PROCESS

When I sit down in the studio to create this work, I don't have a grand plan of how it is going to turn out. I allow my response to visual stimuli navigate me through the creation of multiple elements that will eventually go into the installation. I tend to be keenly in tune with my surroundings, which can be both a benefit and a curse. I say curse because I sometimes feel overwhelmed by the expansive visual stimuli within the world. But this is what drives my desire to work slowly and methodically, meditatively building one small element on top of another. I set before me a task that is seemingly impossible to complete as I collect, cut, paste, and draw everything by hand. However, this time-consuming, arduous process forces me to spread the task out over time and gives me a chance to truly examine the materials and the subject to their fullest capacity. By focusing at smaller details, I am able to concentrate on subject matter that is easier to digest.

The making of the elements is a very controlled process (I am compensating for the fact that I have no control over Nature). The only elements I can control are my detailed drawings and cut paper. While the task of making the objects takes months and sometimes years to complete, the installation itself is a fluid, intuitive process that is conceived on the spot and completed within a week. As I approach the gallery, there is no preconception of how the work will take shape. The landscape seems to grow of its own volition and often echoes what goes on in nature, both inside and outside our bodies.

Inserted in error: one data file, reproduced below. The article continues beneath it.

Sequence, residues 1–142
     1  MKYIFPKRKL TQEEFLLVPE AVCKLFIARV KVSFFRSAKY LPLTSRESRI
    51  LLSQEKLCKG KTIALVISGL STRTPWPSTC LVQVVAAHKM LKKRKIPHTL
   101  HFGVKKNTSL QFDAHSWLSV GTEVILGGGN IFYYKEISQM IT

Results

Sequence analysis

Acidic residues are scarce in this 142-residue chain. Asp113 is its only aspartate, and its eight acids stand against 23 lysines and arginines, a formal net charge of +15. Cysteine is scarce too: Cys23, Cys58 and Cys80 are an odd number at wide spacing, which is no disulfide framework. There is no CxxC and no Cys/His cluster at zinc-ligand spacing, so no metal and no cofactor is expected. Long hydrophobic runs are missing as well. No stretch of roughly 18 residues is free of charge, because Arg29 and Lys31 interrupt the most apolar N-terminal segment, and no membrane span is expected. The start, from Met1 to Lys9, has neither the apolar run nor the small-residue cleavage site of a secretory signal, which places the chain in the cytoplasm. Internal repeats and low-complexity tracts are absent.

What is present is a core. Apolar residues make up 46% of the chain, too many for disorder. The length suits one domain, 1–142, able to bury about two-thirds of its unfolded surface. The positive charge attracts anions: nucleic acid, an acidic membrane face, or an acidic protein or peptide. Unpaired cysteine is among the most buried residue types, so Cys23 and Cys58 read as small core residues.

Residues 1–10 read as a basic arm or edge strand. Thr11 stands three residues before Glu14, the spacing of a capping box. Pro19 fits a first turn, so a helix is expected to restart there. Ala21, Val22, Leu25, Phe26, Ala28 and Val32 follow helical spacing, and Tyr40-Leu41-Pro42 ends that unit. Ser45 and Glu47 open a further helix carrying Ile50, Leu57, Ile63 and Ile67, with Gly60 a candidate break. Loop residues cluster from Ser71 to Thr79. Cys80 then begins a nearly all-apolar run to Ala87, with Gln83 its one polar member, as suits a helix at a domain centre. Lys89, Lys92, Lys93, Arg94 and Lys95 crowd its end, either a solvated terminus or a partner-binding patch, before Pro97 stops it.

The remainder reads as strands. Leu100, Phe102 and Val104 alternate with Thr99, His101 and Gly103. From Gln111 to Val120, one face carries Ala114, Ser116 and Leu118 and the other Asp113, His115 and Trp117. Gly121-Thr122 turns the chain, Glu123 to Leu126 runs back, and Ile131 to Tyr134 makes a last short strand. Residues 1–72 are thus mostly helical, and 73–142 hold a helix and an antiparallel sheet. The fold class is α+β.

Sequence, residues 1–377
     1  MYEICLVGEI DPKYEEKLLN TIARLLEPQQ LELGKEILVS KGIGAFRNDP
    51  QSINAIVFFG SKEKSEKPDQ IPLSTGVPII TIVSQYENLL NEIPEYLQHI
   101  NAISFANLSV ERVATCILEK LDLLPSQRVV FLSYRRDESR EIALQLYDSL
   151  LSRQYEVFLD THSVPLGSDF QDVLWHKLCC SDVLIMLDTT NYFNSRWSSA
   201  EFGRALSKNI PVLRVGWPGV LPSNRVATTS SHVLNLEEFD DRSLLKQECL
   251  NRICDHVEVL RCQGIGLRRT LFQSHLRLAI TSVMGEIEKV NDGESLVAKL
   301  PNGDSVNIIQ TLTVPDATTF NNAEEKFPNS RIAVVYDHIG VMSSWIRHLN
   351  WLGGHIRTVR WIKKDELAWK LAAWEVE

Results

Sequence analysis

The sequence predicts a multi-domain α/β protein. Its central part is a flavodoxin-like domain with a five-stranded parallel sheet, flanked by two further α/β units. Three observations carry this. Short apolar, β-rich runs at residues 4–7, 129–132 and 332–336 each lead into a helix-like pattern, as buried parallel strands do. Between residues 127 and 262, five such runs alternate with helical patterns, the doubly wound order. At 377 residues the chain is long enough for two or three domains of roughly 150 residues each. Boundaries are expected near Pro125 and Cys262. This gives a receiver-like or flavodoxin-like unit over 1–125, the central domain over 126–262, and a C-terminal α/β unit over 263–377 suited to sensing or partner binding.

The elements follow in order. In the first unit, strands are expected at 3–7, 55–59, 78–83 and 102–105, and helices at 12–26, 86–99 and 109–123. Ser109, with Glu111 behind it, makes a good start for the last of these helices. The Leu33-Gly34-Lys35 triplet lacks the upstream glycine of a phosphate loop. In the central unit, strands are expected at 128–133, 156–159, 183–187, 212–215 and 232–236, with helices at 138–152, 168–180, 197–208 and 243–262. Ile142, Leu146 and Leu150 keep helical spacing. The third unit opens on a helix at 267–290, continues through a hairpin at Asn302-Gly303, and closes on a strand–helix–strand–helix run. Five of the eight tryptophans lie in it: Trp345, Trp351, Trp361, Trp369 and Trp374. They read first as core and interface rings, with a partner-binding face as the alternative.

MATERIALS

I use a lot of recycled materials: Phone books, wax, toilet paper rolls, old drawings, found paper, dirt. Though I am not making a political statement on conservation, my consideration of materials is a personal choice and is reflective of my desire not to leave a heavy footprint on the earth with my art; I want my art to add awareness without adding clutter.

Moreover, I feel that it is important to use materials that have a long process, or history, behind them. That is, I consider the materials and their origins and the processes by which they become transformed into objects used in art. Basically, I am considering two separate but integral levels; there is the actual object and from where it came and then there is the transformation of the object into something new.

INTENTION

I believe if the work is successful it should compel the viewer to recognize himself/herself on a more cellular level, like recognizing what we are within our bodies. Think of a mirror as a microscope: Instead of seeing a face or any external features, you see the internal make-up of the person. The subconscious may then begin to recognize that we are all made up of the same elements as every other living organism on earth.

I also want the viewer to notice things they might normally disregard or overlook and to be reminded of the invisible world that exists beneath the surface of our awareness.

I encourage the audience to come into the space and be enveloped by it and allow themselves to respond to it. Do not feel that you have to step back from it and maintain a safe distance. I invite you to get close to the materials, to smell them, to view them from different angles, going as far as to lay on the floor and look up at the components from your back! It is important that you interact with the piece.